With less than a decade left to meet the UN’s Sustainable Development Goals, the global green agenda has never been a hotter, more widely debated topic than it is today.
Sustainability and the concept of generational responsibility are now driving the actions of many organizations in the utility and energy industries. This is a time when businesses have the opportunity to be better by making the right choices, whilst taking time to understand what achieving a circular economy truly looks and feels like.
Encouragingly, many utilities and their Investment Recovery specialists have acknowledged their need to help reduce greenhouse gas emissions and play their part to help fight climate change and protect the planet. Recognizing this requirement to future proof, some have made commitments to net zero or carbon neutrality, and while some plans are far more ambitious than others, many are looking to reduce their carbon footprint to zero by 2050. To reach this goal, every organization is having to devise and deploy multiple strategies to increase efficiencies, decrease emissions, improve sequestration and explore offsets.
With these targets firmly in focus, industry specialists Cleveland Industrial Recycling (CIR) and Hydrodec of North America (HoNA), have partnered to offer a unique opportunity for Investment Recovery professionals to help their organizations meet their carbon reduction ambitions.
It’s widely accepted that utility companies annually recycle or dispose of thousands of gallons of used mineral oil through replacements, upgrades and repairs of equipment. What isn’t as widely known is that mineral oil from pole/pad mounted transformers and oil circuit breakers can all be used by HoNA for feedstock to create electrical grade transformer oil.
Even better, by taking used transformer oil and recycling it into the unique and world-leading SUPERFINE™ transformer oil product, HoNA is then awarded carbon credits from the American Carbon Registry, which can be then transferred to our utility partners to help offset their carbon footprint.
Aside from the environmental processes and benefits, Investment Recovery professionals are eager to see examples of successes and milestones the partnership has delivered and how it is helping recover maximum value from retired assets.
One of those examples is HoNA’s partnership with US energy provider, Eversource Energy. CIR and HoNA have partnered with Eversource to handle their used transformer oil management. CIR’s trained Field Technicians collect the oil from substations or service centers across Massachusetts, Connecticut, and New Hampshire. Working with the Eversource Environmental team, the technicians ensure that manifests, both hazardous and non-hazardous, are completed correctly and that the oil is reclaimed in the most environmentally responsible way possible. When the oil arrives at Hydrodec, the team in Canton tests it, calculates the volume and uploads all the information into Eversource’s internal system so Investment Recovery can track the management seamlessly. CIR and HoNA want to ensure that the program is suitable for each utility’s unique circumstances and will cater the program to those circumstances. Our group will work hand and hand with each utility to be true partners in handling their oil in the most environmentally friendly manner possible.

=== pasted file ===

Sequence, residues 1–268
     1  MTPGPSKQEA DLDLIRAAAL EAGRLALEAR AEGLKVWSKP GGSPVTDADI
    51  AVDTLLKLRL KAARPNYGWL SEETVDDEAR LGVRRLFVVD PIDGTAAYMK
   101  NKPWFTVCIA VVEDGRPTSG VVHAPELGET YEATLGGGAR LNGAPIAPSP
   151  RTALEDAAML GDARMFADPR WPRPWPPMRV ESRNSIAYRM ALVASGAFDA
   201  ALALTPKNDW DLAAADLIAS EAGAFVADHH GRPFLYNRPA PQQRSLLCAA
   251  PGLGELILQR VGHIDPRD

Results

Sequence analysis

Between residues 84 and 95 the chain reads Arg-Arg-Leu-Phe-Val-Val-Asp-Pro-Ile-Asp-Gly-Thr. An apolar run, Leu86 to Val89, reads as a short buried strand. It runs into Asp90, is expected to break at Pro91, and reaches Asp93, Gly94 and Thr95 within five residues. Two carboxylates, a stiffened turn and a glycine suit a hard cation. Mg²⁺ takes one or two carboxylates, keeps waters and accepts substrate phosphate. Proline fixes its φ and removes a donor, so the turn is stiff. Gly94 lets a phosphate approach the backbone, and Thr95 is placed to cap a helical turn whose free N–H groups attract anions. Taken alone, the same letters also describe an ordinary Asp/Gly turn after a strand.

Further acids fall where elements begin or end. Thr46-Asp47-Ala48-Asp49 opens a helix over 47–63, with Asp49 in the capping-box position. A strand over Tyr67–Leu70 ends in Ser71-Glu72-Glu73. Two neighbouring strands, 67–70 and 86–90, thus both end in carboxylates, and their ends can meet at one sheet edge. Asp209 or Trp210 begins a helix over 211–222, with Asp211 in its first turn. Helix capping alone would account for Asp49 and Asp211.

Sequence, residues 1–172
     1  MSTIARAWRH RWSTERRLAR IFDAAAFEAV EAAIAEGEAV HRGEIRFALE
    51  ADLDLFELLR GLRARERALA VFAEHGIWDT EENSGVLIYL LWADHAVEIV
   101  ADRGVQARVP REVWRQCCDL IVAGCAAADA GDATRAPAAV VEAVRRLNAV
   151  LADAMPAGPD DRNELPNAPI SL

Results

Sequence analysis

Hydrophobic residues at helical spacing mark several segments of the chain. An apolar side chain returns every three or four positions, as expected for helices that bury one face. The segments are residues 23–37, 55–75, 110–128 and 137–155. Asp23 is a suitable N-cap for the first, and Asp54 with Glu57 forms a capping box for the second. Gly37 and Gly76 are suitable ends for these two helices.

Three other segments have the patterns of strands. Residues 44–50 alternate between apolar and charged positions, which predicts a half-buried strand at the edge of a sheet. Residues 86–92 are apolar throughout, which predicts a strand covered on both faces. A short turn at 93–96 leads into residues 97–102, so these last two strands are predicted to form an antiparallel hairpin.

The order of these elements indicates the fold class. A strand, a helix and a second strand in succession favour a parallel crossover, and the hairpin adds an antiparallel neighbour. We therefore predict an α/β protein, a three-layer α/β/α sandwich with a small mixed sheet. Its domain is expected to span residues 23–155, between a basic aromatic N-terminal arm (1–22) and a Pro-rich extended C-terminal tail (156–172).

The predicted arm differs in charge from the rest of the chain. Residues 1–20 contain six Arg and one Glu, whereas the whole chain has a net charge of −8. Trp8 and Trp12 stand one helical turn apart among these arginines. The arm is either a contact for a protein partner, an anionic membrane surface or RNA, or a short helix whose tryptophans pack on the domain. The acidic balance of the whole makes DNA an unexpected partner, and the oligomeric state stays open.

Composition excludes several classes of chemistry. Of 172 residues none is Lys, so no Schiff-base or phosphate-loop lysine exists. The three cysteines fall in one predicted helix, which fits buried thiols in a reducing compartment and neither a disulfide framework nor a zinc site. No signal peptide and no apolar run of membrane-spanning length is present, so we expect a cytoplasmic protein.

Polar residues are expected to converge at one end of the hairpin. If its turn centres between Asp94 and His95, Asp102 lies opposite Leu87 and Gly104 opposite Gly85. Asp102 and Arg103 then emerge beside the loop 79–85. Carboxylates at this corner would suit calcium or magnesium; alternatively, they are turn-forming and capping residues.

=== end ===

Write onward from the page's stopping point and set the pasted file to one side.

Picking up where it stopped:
Let’s talk Carbon Credits
So, what exactly is a Carbon Credit and how does it work?
In simple terms, a Carbon Credit is a term for any tradable certificate or permit representing the right to emit a set amount of carbon dioxide into the Earth’s atmosphere. The average American is responsible for around sixteen tons of carbon dioxide each year emitted into the atmosphere.
To give some interesting examples, a typical 22mpg gas-based car emits around five tons of CO2 per year. Meanwhile, driving 2,500 miles, the distance from Boston to Salt Lake City, generates one ton.
So how exactly do you get a Carbon Credit for recycling your used transformer oil? Let us explain.
Creating “virgin” transformer oil means drilling must occur. The drilling process involves extracting oil out of the ground, a carbon-intensive process, to make and refine transformer oil. HoNA’s process takes the oil already in the market and recycles it back to its original electrical grade level. In doing so, it also removes any PCB’s that may have been in the oil – even retaining 99.9% of the material.